Cloud shutdown could cost billions
25 Jan 2018
A recent Lloyd’s of London report, co-written with modeling firm AIR Worldwide, found that if at least one top cloud computing provider temporarily shuts down, it could result in billions of dollars lost.
Specifically, US businesses could stand to lose between US$5.3 billion and US$19 billion if one of the country’s major cloud computing providers goes down for just three to six days, the report suggested. Insured losses resulting from the hypothetical ordeal would total from US$1.1 billion to US$3.5 billion.
The Lloyd’s report assessed potential losses caused by disruptions to business that rely on cloud computing. Although the report is based on disruptive scenarios (such as hacking, lightning strikes, bombing of data centers and human errors) involving the top 15 cloud providers in the US, it does not identify those providers.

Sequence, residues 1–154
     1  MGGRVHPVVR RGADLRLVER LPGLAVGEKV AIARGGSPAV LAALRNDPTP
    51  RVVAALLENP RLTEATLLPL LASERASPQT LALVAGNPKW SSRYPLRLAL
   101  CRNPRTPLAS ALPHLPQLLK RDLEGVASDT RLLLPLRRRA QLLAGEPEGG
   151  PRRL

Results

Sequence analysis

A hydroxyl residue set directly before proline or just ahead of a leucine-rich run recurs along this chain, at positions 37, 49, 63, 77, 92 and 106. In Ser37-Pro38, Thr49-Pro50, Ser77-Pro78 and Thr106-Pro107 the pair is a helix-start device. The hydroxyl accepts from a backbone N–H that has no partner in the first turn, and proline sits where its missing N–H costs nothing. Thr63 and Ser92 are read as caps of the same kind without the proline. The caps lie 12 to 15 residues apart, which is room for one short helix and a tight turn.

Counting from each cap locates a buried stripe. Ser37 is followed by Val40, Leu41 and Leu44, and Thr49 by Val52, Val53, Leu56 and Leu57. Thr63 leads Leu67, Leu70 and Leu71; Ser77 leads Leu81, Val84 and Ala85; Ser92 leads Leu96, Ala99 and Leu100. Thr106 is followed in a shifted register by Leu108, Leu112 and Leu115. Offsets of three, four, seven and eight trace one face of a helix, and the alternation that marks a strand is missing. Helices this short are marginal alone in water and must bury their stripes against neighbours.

With more businesses transitioning from traditional computer systems to public clouds, the report serves as a warning.
“As the cyber insurance market grows rapidly, the distribution of risk will have to be monitored carefully,” Lloyd’s remarked in its report.
“I think the world is much more correlated [than it was before],” Lloyd’s of London CEO Inga Beale told Reuters in an interview. “Other things can impact and aggregate with a cyber security issue.”
The report also noted that smaller companies are more likely to rely on the cloud than larger companies. Conversely, the report also found that those small companies are also less likely to have cyber insurance.
- Insurance Business